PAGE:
Johan Hjort was born in Christiania [Oslo] in 1869. He was educated at the University of Munich, graduating with a doctorate in 1892. In 1893, Hjort was appointed curator of the University Zootomical Museum and the following year became a research fellow in fisheries, studying physiological chemistry at Jena from 1895 to 1896 in order to widen his knowledge. Returning to Norway in 1897, he was appointed director of the Biological Station at Drobak, organizing research into the development of the Norwegian fisheries.
In 1899, Hjort suggested that the Norwegian government should build a marine research vessel, and in 1900, he led the Norwegian Oceanographic Expedition in the steamship Michael Sars to conduct a wide range of physical oceanographic, marine biological and fisheries research investigations in the Norwegian Sea. Sailing to the north coast of Iceland and northwest toward the pack ice of the Greenland Sea, the scientists on board conducted a thorough study of the waters around Jan Mayen and landed on the island at Tommerbukta.
Hjort helped to develop the International Council for the Exploration of the Sea, established in 1902, and in 1906, became chief director of fisheries in Norway. In 1910, he was invited by Sir John Murray to lead a deep-sea expedition to the North Atlantic, publishing the expedition results with Murray in the marine biology classic The depths of the ocean in 1912.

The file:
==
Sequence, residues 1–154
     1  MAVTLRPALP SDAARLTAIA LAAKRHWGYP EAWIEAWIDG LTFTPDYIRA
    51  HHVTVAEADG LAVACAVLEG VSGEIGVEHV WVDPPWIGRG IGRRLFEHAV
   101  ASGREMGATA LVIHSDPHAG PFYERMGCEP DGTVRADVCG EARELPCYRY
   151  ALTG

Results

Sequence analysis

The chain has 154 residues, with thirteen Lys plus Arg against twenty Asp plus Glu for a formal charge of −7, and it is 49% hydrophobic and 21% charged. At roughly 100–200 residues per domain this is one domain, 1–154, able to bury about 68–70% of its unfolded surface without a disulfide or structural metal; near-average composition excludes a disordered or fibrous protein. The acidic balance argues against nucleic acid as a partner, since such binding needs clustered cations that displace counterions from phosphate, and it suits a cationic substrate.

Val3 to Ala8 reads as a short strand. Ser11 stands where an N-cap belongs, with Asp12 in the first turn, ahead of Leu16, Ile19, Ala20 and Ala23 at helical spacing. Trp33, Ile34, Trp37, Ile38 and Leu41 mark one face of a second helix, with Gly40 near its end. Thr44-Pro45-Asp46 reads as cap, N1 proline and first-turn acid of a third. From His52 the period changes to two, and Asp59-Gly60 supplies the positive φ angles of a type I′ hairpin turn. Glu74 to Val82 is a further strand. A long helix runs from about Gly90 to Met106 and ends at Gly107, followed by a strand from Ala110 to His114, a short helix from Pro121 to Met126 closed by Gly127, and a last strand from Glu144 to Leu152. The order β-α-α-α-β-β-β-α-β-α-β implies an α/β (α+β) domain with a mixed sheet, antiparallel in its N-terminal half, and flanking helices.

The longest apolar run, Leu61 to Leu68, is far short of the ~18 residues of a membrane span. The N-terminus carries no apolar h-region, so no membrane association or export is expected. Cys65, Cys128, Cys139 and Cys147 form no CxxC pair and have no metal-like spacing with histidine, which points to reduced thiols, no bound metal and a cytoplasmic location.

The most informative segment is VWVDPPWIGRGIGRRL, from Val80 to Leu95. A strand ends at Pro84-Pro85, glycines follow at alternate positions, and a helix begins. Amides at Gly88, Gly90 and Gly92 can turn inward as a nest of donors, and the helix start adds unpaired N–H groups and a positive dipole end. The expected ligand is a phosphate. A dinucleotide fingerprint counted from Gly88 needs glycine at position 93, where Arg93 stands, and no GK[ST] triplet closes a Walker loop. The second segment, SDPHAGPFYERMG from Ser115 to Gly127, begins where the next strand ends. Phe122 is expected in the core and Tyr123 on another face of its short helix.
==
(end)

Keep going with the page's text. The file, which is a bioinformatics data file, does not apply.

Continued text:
Between 1914 and 1915, he was asked by the Canadian government to organize and conduct fishery investigations. Resigning from his post as director of fisheries in Norway during the First World War, he undertook studies in Copenhagen and Cambridge before returning to Norway in 1921 as professor of marine biology at the University of Oslo. He initiated scientific studies of whales and the whaling industry, becoming chairman of the first Norwegian Whaling Committee in 1924, and serving as chairman of the International Whaling Committee from 1926 to 1939. He held the post of president of the International Council for the Exploration of the Sea from 1939 until his death in 1948.
From the guide to the Johan Hjort collection, 1912, (Scott Polar Research Institute, University of Cambridge)